When it comes to overcoming addiction, denial really is the first and most difficult step. Although the recovery process can be a complex and trying journey, it can become much smoother and straightforward once that first step is conquered. But because denial itself can be such a deeply rooted coping mechanism, for some, it can be a major barrier to addiction recovery.
Denial as a Coping Mechanism
Although it’s not productive or healthy, denial does help many people simply get through their daily lives. In the short-term, denial can be helpful. It can give you time to readjust yourself after a particularly painful or stressful situation. But if used as a long-term coping mechanism for a deeper problem, denial can be very detrimental to your recovery and overall health.
Why Denial Is So Difficult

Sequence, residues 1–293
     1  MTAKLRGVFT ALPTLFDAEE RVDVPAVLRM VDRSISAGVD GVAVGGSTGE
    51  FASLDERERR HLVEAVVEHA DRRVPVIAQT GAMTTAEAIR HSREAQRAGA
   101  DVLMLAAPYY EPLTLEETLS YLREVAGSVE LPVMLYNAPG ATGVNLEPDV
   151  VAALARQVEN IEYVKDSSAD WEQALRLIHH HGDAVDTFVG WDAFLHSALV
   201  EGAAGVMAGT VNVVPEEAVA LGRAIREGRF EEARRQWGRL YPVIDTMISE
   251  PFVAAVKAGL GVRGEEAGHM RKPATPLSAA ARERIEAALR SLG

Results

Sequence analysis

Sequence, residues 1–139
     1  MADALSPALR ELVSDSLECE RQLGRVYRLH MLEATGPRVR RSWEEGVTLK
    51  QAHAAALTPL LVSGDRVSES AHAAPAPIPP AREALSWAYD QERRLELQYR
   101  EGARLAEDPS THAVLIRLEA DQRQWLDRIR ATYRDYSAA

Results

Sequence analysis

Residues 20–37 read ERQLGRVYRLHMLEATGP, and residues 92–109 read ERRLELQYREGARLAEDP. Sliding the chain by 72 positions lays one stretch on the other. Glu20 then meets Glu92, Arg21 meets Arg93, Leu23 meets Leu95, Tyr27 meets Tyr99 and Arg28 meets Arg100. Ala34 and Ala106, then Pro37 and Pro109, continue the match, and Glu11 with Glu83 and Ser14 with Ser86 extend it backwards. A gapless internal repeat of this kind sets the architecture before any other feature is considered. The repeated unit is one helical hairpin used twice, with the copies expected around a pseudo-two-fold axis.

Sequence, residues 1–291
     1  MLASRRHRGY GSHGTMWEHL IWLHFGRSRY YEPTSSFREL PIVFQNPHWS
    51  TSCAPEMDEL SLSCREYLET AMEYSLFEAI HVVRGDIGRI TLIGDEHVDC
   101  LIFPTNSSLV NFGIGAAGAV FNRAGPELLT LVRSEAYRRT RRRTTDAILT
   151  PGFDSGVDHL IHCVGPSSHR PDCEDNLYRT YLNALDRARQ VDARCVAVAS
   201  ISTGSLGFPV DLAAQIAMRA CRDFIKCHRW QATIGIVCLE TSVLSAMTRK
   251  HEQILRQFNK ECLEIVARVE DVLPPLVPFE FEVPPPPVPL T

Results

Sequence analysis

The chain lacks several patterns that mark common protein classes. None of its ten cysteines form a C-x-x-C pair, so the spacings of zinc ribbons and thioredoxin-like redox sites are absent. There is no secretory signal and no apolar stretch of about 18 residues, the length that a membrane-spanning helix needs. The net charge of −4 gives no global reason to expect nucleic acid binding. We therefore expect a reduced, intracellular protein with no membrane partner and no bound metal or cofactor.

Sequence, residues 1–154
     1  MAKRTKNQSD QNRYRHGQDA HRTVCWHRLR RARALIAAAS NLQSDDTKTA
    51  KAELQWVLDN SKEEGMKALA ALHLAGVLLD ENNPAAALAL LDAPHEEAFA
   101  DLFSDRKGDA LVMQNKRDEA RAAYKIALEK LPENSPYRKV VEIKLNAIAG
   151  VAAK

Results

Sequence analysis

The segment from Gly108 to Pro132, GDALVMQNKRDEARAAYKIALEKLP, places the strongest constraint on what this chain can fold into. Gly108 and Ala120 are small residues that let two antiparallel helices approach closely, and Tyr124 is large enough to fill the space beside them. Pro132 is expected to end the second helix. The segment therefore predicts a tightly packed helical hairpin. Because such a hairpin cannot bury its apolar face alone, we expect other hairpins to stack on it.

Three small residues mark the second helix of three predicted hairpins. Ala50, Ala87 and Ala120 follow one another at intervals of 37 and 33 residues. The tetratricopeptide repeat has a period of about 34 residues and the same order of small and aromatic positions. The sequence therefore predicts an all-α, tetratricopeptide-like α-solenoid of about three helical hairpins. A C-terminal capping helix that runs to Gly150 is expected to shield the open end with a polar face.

Denial is such a difficult obstacle to overcome because it is often so hardwired into our minds that it’s nearly impossible to see our situation objectively. Some people may have also been raised in an environment in which they’ve been taught that denial is the correct way to deal with emotional issues. To overcome denial later in life, that person will need to unlearn engrained behavior, which may take some time to accomplish.
Ways to Overcome Denial
While it’s often hard to do, denial can be overcome. Some people find themselves agreeing to seek professional help only to please their loved ones. If someone in your life asks you to seek addiction help, try to remain open to help and discussion. If you don’t think you’re suited for therapy or counseling, journaling privately and being honest with yourself about any bottled-up emotions can help you begin your recovery process.